Masjid-i Jami' (Varamin)
Varamin, Iran

The Congregational Mosque of Varamin is the earliest surviving example of a mosque constructed by the Ilkhanids of Iran. An inscription dates the mosque to 722 AH (1322 CE), and names the original patrons as Muhammad ibn-i Muhammad ibn-i Mansur Quhadi and his son Hasan. Another inscription names the original architect as an ‘Ali Qazvini. Another inscription indicates that the Amir Ghiyath al-Din Yusuf Khvajah commissioned repairs to the mosque during the reign of Timurid sultan Shahrukh (r. 1405-1477/807-850 AH). In the 17th/11th century AH, the western side of the mosque collapsed in a flood. Modern restorations rebuilt this area in 1998/1373 Solar Hijri.


The mosque follows the four-iwan plan for mosques first attested in the Mosque of Zavarah. An arcade rising a single story originally surrounded the mosque’s relatively small central courtyard (25 x 25 m), at whose center is a fountain. The mosque’s main (north) façade includes a monumental entrance portal that projects out from the façade. This portal is flanked on either side by blind pointed arches. The portal leads through a vestibule and across an aisle into the courtyard’s north iwan.


On the qibla (south) side of the courtyard, a broad and shallow iwan with an arched muqarnas semidome leads onto a domed hall with a mihrab. The dome rises from a sixteen-sided drum with alternating windows, resting on an octagonal transitional area formed by four squinches. The height of the dome chamber, which rises above the height of the other iwans, accentuates this important space. This impression of size is most prominent when one passes from the low vault of the iwan to the lofty space of the domed chamber. On either side of the domed hall, passageways lead onto shabistans (covered prayer halls) supported by thick piers.


Arcades lining the east and west sides of the courtyard interrupted by larger iwans at their centers lead onto additional covered areas. The covered area on the east side of the courtyard is one aisle deep, while excavations revealed that the equivalent area on the west was two aisle deep, resulting in an asymmetric plan.


The decorative treatment of the building's surfaces is rich: the materials employed include plaster, glazed and unglazed terracotta, and glazed tile-mosaic work. These materials clad the building's brick structure. The portal iwan features glazed terracotta in dark and light blue forming a geometric pattern on a background of unglazed terracotta. Its vault is constructed in such a way that tiers of bricks laid horizontally jut out to different degrees at different levels to form a semi-dome. 


The qibla iwan before the dome chamber is decorated with richly ornamented geometric patterns in terracotta, above which an inscription band runs horizontally and marks the beginning of the iwan's vault, which comprises a cluster of muqarnas units. These units are in turn constructed out of smaller bricks.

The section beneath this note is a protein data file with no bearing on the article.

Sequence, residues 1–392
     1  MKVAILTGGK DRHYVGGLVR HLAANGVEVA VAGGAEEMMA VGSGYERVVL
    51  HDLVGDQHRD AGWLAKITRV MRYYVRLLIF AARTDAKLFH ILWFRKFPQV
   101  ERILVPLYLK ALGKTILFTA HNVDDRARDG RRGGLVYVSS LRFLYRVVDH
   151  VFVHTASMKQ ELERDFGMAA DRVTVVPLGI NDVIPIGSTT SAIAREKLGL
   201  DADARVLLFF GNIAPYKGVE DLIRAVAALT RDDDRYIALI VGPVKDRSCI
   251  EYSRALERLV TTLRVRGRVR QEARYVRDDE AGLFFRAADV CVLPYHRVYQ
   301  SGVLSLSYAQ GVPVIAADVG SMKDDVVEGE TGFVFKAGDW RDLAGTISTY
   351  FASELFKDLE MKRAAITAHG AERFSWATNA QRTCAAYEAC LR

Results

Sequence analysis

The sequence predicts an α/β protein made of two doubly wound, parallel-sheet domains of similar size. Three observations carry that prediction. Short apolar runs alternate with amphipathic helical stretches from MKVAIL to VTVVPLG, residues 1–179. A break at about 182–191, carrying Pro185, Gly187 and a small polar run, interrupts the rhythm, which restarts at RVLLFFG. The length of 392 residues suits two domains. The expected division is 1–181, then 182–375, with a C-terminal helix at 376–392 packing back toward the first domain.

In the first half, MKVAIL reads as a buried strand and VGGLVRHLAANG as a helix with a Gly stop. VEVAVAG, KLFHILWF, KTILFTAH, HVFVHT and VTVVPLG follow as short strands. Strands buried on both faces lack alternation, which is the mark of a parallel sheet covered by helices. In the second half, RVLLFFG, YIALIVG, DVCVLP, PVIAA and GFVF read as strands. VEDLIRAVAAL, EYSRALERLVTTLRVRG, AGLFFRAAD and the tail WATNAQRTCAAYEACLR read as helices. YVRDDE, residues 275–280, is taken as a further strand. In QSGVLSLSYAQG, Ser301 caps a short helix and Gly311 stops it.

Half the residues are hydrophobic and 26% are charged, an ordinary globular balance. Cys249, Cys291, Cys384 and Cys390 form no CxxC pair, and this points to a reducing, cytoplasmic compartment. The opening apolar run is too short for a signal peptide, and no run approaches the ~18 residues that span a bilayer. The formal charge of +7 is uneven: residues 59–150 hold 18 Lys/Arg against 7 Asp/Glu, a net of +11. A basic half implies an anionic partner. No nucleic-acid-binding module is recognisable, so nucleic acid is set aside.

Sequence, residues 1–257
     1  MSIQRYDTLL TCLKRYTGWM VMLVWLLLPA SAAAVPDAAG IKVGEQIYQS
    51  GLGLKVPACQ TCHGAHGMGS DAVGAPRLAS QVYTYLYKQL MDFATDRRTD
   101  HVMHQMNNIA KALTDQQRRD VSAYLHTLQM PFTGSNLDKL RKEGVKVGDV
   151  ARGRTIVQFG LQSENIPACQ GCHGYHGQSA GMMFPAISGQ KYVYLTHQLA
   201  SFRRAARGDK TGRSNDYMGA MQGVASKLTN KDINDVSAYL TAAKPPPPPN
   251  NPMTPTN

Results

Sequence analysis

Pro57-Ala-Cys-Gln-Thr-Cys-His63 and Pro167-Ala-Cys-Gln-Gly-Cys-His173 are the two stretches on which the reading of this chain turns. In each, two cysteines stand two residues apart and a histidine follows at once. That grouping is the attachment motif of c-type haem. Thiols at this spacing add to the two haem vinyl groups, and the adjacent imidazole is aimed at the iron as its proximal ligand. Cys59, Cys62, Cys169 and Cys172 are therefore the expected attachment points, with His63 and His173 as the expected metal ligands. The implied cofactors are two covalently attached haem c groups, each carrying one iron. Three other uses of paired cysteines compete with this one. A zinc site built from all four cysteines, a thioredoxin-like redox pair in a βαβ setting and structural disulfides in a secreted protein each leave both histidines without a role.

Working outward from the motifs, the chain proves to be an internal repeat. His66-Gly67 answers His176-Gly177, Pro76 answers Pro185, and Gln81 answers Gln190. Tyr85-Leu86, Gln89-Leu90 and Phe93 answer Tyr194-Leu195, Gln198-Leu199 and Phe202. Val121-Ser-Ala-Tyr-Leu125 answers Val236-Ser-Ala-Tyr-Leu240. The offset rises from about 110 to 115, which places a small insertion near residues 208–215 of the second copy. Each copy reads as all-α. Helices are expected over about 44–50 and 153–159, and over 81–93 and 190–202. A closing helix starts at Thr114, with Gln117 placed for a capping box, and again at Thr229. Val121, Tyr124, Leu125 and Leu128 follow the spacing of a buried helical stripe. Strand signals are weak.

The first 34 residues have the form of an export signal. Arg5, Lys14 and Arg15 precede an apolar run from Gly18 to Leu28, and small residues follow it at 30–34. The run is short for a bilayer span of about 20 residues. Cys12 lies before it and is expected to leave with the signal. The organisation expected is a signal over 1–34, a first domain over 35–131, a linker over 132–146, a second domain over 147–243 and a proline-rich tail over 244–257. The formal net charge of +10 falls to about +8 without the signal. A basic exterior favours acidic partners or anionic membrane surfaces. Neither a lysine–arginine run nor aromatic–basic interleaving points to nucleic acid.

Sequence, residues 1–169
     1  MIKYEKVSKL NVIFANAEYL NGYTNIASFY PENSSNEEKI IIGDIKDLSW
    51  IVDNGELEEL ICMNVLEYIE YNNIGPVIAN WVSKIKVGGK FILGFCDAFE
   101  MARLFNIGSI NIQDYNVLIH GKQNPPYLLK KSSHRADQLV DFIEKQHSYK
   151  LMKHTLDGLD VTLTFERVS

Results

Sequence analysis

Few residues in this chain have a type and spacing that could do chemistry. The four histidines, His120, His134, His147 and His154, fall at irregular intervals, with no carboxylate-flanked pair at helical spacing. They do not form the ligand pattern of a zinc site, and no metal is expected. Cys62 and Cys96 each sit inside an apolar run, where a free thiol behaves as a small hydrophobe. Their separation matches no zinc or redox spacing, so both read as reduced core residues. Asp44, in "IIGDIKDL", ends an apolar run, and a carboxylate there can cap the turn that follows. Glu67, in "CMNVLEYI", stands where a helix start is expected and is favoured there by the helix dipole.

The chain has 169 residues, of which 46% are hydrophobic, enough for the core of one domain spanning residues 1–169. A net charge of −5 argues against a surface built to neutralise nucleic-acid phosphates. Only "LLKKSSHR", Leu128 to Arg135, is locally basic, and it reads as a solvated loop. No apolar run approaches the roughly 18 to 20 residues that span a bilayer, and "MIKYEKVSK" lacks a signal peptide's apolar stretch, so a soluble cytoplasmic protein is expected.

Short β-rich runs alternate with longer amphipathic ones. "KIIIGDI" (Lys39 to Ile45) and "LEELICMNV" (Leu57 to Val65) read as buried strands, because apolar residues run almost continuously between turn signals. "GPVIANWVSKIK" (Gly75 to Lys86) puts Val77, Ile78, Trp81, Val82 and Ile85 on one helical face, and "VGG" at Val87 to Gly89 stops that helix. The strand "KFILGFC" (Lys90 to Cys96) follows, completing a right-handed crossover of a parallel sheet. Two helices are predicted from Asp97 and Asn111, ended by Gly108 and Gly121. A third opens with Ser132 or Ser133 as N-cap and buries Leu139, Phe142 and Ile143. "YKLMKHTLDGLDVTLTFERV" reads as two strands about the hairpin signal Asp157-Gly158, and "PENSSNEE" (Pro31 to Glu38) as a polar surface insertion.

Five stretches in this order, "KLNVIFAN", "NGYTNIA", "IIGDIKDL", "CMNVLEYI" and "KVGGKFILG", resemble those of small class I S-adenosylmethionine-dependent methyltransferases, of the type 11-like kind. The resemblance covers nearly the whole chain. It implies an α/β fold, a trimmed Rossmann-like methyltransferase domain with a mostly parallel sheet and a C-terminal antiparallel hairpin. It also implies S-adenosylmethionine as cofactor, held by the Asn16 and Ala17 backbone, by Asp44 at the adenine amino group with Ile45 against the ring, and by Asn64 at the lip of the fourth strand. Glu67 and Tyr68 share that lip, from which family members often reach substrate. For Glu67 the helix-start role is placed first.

Intricate plaster floral and vegetal motifs decorate the mihrab's niche as well as the wall surrounding its pointed arch. An inscription band frames the mihrab's portal, beyond which plaster spreads like a three-dimensional tapestry to cover the whole wall. The other three walls display geometric patterns in terracotta. In many areas, bricks are displayed so that they extend from the wall to highlight its sculptural qualities. 


The dome features a sunburst medallion at its center from which descends an arabesque of a diamond geometric motif that expands with the curve of the dome. The spandrels of the arches of the four squinches feature glazed terracotta and incorporate in their vaults three tiers of muqarnas. Four windows are situated on the walls of the chambers, each between two squinches. 


For most contemporary architectural historians, the Friday mosque of Varamin continues to epitomize the first crystallization of a four-iwan mosque by the Il Khanids, but also a monumentality achieved by the delicacy of ornament, the display of rich materials, and the play of light and shadow of the sculptural architectural elements. 


Blair, Sheila S. and Jonathan M. Bloom. The Art and Architecture of Islam 1250-1800. New Haven: Yale University Press, 1998. 13-14.

Ḥājjī-Qāsimī, Kāmbīz, ed. Ganjnāmah-i farhang-i ās̲ār-i miʻmārī-i Islāmī-i Īrān. Vol. 8, 40-49. Tehran: Dānishgāh-i Shahīd Bihishtī, 2004.

Golombek, Lisa and Donald Wilbur. The Timurid Architecture of Iran and Turan, Vol. 1, p. 412. Princeton: Princeton University Press, 1988.

Pope, Arthur Upham. A Survey of Persian Art. Tehran: Soroush Press, 1977. 1052-1102.

Wilber, Donald N. The Architecture of Islamic Iran: The Il-Khanid Period. New York: Greenwood Press, 1969. 158-159.

IranShahrPedia: Encyclopedia of Iranian Architectural History entry: Archived site (August 1, 2019):
Registration number in Fihrist-i Asar-i Milli-i Iran: 186. Registered 15/10/1310 (Solar Hijri)

:منابع فارسى

حاجى قاسمى، کامبیز. گنجنامه: فرهنگِ آثارِ معماریِ اسلامیِ ایران. دفتر هشتم، ص.144- 153. تهران: دانشگاه شهید بهشتی، ۱۳۸۳
: دانشنامۀ تاریخ معماری و شهرسازی ایران‌شهر

شمارهٔ ثبت در فهرست آثار ملى ايران:۱۷۶ . تاريخ ثبت: ۱۳۱۰/۱۰/۱۵

Record updates:

  • July 24, 2019 (AKDC Staff): Data updated (alternate names added, restoration dates added, authorities for architects and patrons added); Description updated with information from additional sources.
Varamin, Iran
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Associated Names
1322/721-22 AH
restorations undertaken in 1413-1414/ca. 816 AH (Ganjnamah)
Style Periods
Variant Names
مسجد جامع ورامين
Masjid-e Jame
Alternate transliteration
Building Usages